The value of the Naira had in the past three weeks, seen a volatility that saw the local currency dip from N660 to N730 to the dollar within days. By the second week it appreciated and sold at N600 to the dollar, before stabilising last week to N675.
The volatility at the parallel market had sparked off after the last Monetary Policy Committee meeting in July, where the governor of the Central Bank of Nigeria, Godwin Emefiele, had been misquoted as saying the apex bank would sanction anyone who exchanges naira for dollars.
However, following the clarification by the CBN and the assurances that the apex bank was not considering another devaluation in the short term, the value of the naira firmed up to N680 to the dollar. My findings also showed that operatives of the Economic and Financial Crimes Commission (EFCC), had stormed the hive of money changers in Lagos, in an effort to stem the activities of speculators.
This move had seen the value of the naira appreciate to N600 the previous week before returning to sell at N675 as at last week Friday.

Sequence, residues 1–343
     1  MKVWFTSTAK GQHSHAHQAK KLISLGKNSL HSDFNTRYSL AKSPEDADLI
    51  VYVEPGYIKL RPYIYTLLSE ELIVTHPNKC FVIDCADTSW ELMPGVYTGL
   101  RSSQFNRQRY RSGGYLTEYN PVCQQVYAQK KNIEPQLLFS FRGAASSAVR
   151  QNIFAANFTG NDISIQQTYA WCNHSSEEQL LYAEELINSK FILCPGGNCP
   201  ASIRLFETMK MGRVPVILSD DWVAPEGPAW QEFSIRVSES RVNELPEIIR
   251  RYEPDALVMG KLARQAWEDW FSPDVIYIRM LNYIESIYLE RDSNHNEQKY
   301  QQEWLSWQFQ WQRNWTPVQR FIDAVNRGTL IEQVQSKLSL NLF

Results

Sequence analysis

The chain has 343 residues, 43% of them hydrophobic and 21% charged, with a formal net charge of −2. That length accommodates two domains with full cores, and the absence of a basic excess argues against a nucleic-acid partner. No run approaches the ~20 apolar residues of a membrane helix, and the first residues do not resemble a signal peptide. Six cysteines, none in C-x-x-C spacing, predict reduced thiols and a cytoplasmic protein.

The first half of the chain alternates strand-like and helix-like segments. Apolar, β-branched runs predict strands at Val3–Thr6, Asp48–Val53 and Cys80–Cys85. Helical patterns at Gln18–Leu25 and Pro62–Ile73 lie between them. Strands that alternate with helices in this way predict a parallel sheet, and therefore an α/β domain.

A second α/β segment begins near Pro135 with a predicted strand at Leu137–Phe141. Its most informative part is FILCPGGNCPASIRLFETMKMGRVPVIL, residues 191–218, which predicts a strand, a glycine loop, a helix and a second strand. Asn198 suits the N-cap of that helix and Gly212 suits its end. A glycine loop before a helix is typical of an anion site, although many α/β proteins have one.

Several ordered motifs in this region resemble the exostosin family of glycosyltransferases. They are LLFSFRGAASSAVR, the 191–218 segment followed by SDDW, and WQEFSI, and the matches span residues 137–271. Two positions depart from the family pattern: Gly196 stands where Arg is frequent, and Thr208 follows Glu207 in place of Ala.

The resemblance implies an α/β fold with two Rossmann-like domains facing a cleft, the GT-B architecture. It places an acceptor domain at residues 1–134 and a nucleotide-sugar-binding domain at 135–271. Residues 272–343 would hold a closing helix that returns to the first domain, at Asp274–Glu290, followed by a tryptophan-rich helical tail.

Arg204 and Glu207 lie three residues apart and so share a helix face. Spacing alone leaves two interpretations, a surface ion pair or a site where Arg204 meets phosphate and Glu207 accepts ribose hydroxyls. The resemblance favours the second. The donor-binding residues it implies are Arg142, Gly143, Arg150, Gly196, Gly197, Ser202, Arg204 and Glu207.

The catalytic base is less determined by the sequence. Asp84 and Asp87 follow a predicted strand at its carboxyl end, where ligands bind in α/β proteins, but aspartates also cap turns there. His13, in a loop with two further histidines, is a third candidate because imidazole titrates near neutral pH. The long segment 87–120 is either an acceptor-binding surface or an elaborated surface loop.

At the official end of the market, the value of the naira had depreciated from N415 to N430 before settling at N429 to the dollar at the end of last week. The CBN had continued to use its monetary instruments to cushion the high demand for the naira at the official market.
Emefiele had noted that “once we see that there is excess liquidity we will continue to use our discretionary powers to mop up those liquidity in the vaults of the banks so that they will not get involved in speculative activities with those who want to speculate with the currency.”
Head of Consulting at Agusto Consulting, Mr. Jimi Ogbobine said “The recent jump we are seeing is basically a result of a supply crisis in the forex market. The foundation of all of these is demand versus supply and when demand outweighs supply you will see this kind of currency depreciation.
“If the central bank was able to meet forex demand, then we will not see this kind of price distortion. On one end, Nigeria is not able to meet forex supply and on the other end we are trying to restrict and constrict demand which means that quite a number of legitimate requests for forex are now being diverted to the parallel market.
“So, while the official market seems relatively calm, the reality of the supply shortage is playing out in the parallel market where more legitimate request for forex is being diverted to because the official market is not able to demand.”